Searching for Austin
At approximately 7:15 p.m., 45 minutes after he had placed his initial distress call, Aaron Davis heard his phone ring.
The Park Service had sent out a Search and Rescue team to find Austin Parker.
Davis explained to them what had happened before Parker stopped picking up his phone.
Parker had summited Electric Peak, he said, but there was a thunderstorm quickly rolling in.
On the summit, Austin told Davis, he was experiencing static discharge, much like what the Hayden Party experienced when they first discovered the mountain. Realizing he needed to get out of the open, Parker called Davis and had him look up an alternate route to descend the mountain.
“When Austin hiked Mount Washburn (another peak in the Yellowstone area), he went up one trail and down another. I think it was that he didn’t like going back over his same footsteps. He was like, ‘I came here to explore new places,’” Davis explained.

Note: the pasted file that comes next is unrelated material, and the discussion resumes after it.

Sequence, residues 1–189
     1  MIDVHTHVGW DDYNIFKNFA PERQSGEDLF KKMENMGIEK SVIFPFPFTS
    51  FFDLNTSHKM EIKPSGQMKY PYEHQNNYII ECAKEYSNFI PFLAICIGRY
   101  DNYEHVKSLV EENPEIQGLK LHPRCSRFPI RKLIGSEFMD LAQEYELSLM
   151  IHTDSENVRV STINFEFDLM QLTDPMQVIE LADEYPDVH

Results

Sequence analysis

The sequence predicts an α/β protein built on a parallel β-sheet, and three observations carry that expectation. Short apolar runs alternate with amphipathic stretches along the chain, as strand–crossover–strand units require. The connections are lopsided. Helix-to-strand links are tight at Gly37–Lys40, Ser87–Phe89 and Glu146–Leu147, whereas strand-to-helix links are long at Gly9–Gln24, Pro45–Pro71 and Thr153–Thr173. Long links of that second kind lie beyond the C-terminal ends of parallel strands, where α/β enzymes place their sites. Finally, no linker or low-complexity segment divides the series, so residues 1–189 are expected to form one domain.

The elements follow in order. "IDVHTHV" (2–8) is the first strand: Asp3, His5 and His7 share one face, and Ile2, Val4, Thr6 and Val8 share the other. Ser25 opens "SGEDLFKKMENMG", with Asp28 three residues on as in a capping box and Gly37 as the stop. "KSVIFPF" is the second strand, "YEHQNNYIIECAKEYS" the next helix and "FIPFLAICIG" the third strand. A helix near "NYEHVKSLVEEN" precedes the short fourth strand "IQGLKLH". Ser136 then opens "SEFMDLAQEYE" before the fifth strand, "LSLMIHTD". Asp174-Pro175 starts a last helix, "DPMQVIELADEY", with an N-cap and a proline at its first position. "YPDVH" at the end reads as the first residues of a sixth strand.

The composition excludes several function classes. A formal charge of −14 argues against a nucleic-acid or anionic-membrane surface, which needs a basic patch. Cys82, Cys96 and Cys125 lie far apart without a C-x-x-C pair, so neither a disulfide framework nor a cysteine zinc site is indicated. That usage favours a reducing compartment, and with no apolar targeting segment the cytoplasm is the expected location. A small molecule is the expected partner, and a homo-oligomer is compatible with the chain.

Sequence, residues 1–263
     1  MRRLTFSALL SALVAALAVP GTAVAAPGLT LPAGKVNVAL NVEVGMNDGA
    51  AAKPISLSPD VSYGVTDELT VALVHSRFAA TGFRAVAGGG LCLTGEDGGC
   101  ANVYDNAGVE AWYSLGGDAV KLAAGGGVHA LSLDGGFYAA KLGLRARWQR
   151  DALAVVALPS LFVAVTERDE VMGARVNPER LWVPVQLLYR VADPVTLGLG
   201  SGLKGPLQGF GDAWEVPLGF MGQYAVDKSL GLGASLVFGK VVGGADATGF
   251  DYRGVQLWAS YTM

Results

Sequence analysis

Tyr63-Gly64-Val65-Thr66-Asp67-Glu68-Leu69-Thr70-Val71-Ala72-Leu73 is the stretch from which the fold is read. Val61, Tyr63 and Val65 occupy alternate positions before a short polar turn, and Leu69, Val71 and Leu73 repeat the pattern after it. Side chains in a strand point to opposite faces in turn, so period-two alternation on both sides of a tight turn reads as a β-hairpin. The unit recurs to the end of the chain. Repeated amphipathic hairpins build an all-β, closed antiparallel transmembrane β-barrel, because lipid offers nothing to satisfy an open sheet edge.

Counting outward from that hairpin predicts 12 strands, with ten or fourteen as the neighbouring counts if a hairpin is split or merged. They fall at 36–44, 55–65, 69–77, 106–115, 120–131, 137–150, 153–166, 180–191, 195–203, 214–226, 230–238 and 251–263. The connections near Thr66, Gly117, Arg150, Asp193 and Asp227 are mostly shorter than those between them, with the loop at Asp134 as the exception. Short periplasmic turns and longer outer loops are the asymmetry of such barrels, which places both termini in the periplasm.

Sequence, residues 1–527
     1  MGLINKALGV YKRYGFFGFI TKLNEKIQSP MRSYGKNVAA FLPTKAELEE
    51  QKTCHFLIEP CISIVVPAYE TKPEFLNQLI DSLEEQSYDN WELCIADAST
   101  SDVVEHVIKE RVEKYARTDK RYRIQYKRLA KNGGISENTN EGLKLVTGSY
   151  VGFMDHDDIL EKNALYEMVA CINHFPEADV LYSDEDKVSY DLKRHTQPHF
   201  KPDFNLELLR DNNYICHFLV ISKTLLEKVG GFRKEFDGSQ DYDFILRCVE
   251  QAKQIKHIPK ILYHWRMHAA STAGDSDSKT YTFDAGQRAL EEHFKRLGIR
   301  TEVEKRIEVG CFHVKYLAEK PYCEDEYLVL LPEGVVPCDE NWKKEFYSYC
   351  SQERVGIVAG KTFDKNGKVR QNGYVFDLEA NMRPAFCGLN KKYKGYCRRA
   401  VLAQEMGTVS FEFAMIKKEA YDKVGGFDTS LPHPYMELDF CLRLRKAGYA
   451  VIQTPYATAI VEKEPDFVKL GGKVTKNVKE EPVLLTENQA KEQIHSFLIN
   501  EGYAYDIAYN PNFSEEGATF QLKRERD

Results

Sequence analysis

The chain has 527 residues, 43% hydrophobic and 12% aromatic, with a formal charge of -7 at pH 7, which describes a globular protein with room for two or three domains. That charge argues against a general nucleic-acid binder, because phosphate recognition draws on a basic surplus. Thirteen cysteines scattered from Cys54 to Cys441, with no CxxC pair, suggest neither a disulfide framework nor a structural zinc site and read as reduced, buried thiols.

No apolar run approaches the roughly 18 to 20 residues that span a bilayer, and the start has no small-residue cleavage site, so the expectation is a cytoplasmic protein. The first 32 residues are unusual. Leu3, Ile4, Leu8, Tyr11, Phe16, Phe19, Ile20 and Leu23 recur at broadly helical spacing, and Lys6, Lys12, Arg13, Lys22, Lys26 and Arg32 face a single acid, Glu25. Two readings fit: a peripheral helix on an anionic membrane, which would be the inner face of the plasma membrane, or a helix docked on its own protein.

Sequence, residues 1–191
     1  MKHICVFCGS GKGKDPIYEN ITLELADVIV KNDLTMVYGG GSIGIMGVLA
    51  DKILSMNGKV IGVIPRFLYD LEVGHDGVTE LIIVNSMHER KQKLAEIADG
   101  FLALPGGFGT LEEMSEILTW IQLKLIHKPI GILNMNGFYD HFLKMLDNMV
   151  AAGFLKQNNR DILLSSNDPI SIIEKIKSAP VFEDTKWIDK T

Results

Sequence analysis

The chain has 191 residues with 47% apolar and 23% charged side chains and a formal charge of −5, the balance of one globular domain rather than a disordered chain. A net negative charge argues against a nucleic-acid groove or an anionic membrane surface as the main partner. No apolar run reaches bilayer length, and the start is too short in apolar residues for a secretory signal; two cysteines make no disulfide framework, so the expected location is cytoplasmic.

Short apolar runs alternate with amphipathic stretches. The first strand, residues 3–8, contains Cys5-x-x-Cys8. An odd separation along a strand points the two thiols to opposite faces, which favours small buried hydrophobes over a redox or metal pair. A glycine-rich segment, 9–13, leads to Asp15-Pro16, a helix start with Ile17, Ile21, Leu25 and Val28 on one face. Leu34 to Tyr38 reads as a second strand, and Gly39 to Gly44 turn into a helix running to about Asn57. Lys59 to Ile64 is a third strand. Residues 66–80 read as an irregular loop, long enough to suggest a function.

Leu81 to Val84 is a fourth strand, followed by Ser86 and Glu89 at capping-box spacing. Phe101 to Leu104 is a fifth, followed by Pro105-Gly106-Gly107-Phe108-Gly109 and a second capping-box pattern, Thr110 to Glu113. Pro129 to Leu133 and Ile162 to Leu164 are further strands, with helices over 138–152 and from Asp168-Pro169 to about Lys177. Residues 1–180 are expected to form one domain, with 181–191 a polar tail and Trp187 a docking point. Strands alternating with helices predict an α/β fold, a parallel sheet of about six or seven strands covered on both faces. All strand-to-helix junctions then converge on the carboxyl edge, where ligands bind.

“He was nervous and scared, but he wasn’t a rookie — he’d hiked in the Adirondacks in New York, he’d been out here (in Montana) before. I wasn’t too concerned about him — initially,” Davis added.
With that information and Davis’ description of where he thought Parker was — based on what Parker had told him over the phone — the search for Parker began.
“But there are people here (in Montana). Fine people, of a breed that no longer exists in the outside world. Montana seems to be where people go when they are fed up, and have had enough of the outside world, and wish to escape it. These words (to a careful reader) ought to ring true as ones that I myself gave as a reason for leaving my proper life in Atlanta and ending up here ... This place, it would seem, attracts the very people that have similar frustrations and disillusionment as I do with the rest of the world. As a result, I am closer than I have maybe ever been to finding people of a like mind to mine.” – Austin Parker’s blog, July 3